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How much longer for Renters Reform details? Industry figure demands action

A PropTech entrepreneur has renewed his criticism of the government for failing to put flesh on the bones of the Renters Reform Bill.

It’s now been well over three months since the government introduced the legislation into the Commons, and that followed some fthree and a half years of gestation after it was first proposed in the December 2019 Conservative General Election manifesto. 

Now Neil Cobbold, managing director of automated payment and client accounting service PayProp UK, says: “We have gone through numerous Housing Ministers and Secretaries of State and a white paper, but we still need clarity on how some of these proposed measures are actually going to work.


“The lack of detail is putting additional pressure on rental housing supply while landlords struggle with costs and some with higher mortgage rates. Landlords may need reassurance to continue to see the PRS as a viable investment. The vast majority of them already provide decent homes for millions of people. Many landlords could already be considering their position in the sector as they are now being taxed on revenue instead of profit at a time when costs are rising.

“In addition, many are worried that the proposed abolition of Section 21 will take place before the courts are ready to absorb the inevitable increase in Section 8 evictions. The industry also needs reassurance that the proposed court reforms to speed up Section 8 evictions will be sufficient to provide a reliable and timely court service.

“There is a chronic shortage of housing in the UK, but in order to create a thriving PRS, we need to encourage the remaining landlords to stay in the sector. This needs to be coupled with a boost in housebuilding for sale as well as rent, and a legislative framework that supports this.

“Broadly, the industry welcomes the new Ombudsman and proposed Property Portal. But here again, we will need to see how both of these services will work. Crucially, will there be enough resources to enforce the new levels of regulation?

“And how will periodic tenancies affect student lets? While it is encouraging to see the government working on this issue, there is already a lack of student accommodation in some towns and cities, and some students commute hours to get to lectures. The form of student tenancy will be key to avoiding further shortages, as landlords may decide to offer student properties to the professional market as HMOs without reassurances on these reforms.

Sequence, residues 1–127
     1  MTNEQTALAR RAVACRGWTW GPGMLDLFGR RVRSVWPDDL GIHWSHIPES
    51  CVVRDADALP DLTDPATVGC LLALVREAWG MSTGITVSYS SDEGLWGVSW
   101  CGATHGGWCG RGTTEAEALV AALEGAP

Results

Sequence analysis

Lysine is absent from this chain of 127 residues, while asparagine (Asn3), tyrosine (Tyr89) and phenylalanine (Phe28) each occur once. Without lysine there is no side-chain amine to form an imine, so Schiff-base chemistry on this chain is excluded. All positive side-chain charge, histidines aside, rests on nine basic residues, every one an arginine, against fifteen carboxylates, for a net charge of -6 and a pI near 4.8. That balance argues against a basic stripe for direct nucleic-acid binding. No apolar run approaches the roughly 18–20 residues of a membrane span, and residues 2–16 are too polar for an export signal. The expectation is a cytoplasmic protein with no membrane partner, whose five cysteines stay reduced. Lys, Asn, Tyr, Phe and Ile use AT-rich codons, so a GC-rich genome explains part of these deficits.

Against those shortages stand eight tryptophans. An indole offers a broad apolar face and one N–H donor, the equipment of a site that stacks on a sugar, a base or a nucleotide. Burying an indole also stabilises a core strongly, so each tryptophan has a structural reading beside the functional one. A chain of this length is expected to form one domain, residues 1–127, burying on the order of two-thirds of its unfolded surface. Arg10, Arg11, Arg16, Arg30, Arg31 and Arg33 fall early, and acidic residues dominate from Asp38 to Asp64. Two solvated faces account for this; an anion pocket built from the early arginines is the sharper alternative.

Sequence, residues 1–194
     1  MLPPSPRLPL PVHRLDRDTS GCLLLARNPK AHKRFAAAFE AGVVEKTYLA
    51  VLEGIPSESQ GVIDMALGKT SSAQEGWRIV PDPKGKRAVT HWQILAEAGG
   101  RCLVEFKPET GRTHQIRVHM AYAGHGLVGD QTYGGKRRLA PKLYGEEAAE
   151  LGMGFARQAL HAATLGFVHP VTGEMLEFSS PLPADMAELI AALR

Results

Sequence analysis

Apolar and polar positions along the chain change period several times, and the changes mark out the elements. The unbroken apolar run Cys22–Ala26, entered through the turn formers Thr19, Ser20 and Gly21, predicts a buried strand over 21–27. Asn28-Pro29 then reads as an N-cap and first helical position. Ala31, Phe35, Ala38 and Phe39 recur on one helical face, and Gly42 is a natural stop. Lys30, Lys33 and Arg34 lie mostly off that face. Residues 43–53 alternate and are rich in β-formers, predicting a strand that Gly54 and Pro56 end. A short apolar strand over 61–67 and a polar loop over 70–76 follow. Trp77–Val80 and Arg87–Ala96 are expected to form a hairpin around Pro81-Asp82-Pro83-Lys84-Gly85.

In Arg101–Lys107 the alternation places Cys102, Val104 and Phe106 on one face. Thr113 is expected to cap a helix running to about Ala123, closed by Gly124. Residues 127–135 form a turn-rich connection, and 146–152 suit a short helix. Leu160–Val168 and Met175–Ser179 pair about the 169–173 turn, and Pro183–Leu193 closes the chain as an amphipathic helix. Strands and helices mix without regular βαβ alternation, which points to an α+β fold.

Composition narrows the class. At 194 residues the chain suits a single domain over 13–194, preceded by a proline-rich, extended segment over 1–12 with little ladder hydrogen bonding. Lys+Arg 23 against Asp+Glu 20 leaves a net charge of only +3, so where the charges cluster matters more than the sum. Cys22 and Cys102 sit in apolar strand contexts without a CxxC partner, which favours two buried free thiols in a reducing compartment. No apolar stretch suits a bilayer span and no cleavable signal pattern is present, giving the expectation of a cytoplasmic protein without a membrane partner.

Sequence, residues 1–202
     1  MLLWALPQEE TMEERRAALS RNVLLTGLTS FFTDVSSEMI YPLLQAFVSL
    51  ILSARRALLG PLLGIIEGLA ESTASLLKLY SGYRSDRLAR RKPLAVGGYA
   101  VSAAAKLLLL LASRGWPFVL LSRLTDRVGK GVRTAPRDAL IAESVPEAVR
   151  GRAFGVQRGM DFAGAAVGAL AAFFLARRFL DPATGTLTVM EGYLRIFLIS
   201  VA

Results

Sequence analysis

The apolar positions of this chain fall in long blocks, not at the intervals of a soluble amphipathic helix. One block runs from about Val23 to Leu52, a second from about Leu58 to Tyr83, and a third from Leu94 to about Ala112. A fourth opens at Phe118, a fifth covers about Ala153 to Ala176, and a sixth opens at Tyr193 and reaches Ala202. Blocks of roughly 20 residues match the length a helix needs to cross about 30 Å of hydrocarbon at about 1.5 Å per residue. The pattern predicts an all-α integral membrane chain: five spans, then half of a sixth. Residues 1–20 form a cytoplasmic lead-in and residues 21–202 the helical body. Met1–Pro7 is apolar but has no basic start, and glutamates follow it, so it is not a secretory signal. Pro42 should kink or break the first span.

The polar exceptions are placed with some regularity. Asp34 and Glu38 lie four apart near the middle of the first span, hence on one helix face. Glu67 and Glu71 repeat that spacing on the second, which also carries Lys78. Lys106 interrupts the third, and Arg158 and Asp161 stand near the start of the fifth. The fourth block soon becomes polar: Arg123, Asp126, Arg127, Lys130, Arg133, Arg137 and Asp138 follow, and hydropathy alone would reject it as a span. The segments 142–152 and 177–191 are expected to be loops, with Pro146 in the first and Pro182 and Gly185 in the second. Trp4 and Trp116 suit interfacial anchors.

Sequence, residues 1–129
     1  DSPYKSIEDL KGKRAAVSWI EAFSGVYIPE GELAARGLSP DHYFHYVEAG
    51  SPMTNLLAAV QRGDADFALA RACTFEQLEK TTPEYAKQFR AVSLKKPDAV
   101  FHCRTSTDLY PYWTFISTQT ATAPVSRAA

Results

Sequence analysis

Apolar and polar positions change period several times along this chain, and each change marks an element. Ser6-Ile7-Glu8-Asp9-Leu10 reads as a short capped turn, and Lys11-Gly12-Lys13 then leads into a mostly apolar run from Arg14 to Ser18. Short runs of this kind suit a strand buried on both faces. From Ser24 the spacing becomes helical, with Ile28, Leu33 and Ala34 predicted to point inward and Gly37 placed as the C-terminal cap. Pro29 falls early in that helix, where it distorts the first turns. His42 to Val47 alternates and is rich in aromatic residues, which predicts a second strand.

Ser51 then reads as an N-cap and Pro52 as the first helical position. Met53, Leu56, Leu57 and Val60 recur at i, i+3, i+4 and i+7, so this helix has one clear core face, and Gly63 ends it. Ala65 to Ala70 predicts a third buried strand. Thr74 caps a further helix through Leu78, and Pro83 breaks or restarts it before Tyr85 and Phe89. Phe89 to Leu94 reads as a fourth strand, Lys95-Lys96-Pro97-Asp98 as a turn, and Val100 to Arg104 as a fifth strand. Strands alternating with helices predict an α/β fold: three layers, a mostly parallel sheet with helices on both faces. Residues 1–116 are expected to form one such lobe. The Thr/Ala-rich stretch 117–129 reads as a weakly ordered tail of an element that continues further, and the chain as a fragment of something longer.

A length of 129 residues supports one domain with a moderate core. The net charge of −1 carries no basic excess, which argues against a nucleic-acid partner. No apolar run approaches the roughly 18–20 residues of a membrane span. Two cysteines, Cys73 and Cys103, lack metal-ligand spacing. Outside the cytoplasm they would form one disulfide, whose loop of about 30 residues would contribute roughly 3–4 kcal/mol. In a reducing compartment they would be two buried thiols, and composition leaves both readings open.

“These are just a few examples. As it stands, the Bill does give a direction of travel but the question of how we get there remains largely unanswered in some cases. It has been estimated that the Renters (Reform) Bill could take as long as 18 months to pass through Parliament, but landlords and letting agents need time to absorb the details and adapt their businesses. The less time they have, the bigger the impact on tenants.”

The Bill, introduced to Parliament in May and still awaiting its Second Commons Reading, has been described as the most radical reform of the private rented sector in a generation.

Among other things, the Bill proposes to abolish Section 21 evictions; make it easier for tenants to keep pets in rented accommodation; introduce a new Ombudsman to handle tenant complaints; convert assured and assured shorthold tenancies into periodic tenancies, giving tenants the right to give two months’ notice; and create a new Property Portal and Landlords’ Register.

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    Why worry, rents are booming what landlord wants to evict a tenant for no reason?

  • icon

    In fairness, MPs have been on holiday most of the time since the bill was introduced!


    Their private jets ✈️ may be caught up in the current NATS debacle 🆘😜 let’s give them a break 😂😂

  • icon

    Broadly we do NOT welcome the measures. They will only cause problems, not solve them.

  • icon

    The longer the better for this load of rubbish. It will only make a bad situation even worse for tenants.

  • Peter Why Do I Bother

    They will see which way the wind is blowing at the start of next year and do one of two things.
    1. Encourage landlords to come back in and offer big giveaways.
    2. Can see the writing is on the wall and leave a complete sh1tshow for labour to pick up.


    I think the latter Peter, leave as bigger problem for labour as they can

  • George Dawes

    They're just following orders from their bosses in Davos

    Ferey Lavassani

    Spot on George.

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    ON ANOTHER SUBJECT - DPS have just sent me a link to yet another survey and it is clearly asking in that survey why Landlords are selling up - if you click on S21 as one of the reasons it asks a few questions on this. Bearing in mind the data being published from HMRC re Capital Gains tax returns proves Landlords selling up and their own Housing Survey of July 2023 proving that only 4% of tenants are asked to leave by LLs (probably in most part for rent arrears, damage or ASB) etc another piece of evidence like the DPS survey going public might make the Government look even more stupid

    Again they will not let me add the link but if you use the DPS they may send you the link or alternatively I guess you could contact them and ask if anyone wants to fill it in


    If you want to post a link on this site just miss out the beginning bit upto // then replace the first . by (dot) then you can write the rest as normal. eg:



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